Chinese Intellectual Property and Technology Laws

Chinese Intellectual Property and Technology Laws

Edited by Rohan Kariyawasam

Written by some of China’s leading academic experts and with a foreword by the former Chief Justice of the IP Tribunal of China’s Supreme People’s Court, this book combines for the very first time a review of both Chinese intellectual property and technology laws in a single volume in English.

Chapter 12: Intellectual Property Protection and Competition Law

Xu Shiying

Subjects: asian studies, asian innovation and technology, asian law, innovation and technology, asian innovation, law - academic, asian law, intellectual property law, internet and technology law

Extract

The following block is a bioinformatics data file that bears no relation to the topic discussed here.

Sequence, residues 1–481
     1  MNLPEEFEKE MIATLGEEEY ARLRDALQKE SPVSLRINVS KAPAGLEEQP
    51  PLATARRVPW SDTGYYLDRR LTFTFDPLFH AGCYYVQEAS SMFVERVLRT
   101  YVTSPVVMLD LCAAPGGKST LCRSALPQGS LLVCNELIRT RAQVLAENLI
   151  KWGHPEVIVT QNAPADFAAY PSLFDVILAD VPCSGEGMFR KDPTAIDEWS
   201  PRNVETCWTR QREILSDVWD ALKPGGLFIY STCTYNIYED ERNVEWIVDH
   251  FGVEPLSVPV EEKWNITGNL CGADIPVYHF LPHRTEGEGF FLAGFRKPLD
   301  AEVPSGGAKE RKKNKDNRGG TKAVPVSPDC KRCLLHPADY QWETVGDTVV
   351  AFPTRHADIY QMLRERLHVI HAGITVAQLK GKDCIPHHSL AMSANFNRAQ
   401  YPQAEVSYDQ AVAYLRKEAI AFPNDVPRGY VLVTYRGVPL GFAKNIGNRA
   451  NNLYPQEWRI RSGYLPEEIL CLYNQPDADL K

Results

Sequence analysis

Xu Shiying1 12.1. INTRODUCTION With the conflict between the protection of Intellectual Property and the new Chinese Anti-Monopoly Law (AML), together with economic development and the advance of science and technology, there remains little doubt that intellectual property (IP) in China is playing an increasingly important role in global competition and is penetrating almost every level and field of international economic relations. Intellectual property rights (IPRs) comprise abstract property rights created by IP-based law. If we consider IP as a type of ‘product’, then IP laws not only stipulate how this ‘product’ is produced but also set the standard for both the import and export of IP across national borders. The World Trade Organization’s (WTO’s) Agreement on Trade-Related Aspects of IPRs (TRIPS) provides the highest degree of protection for IPRs at an international level. Also, other WTO agreements influence the manufacture, circulation and use of IP by affecting the flow of other relevant factors to the market. IPR rights holders may find themselves in a position in which they can abuse their position of dominance or engage in anti-competitive behaviour by virtue of their ownership of IP. This potential anti-competitive conduct is not only harmful to other competitors’ legal rights and interests but can also interfere with the natural order of competition and social benefits. Since regulation by IP law may sometimes be inadequate to deal with anticompetitive practices, anti-monopoly law is also necessary to compensate for any shortfall created due to potential interference by the state. China has established...

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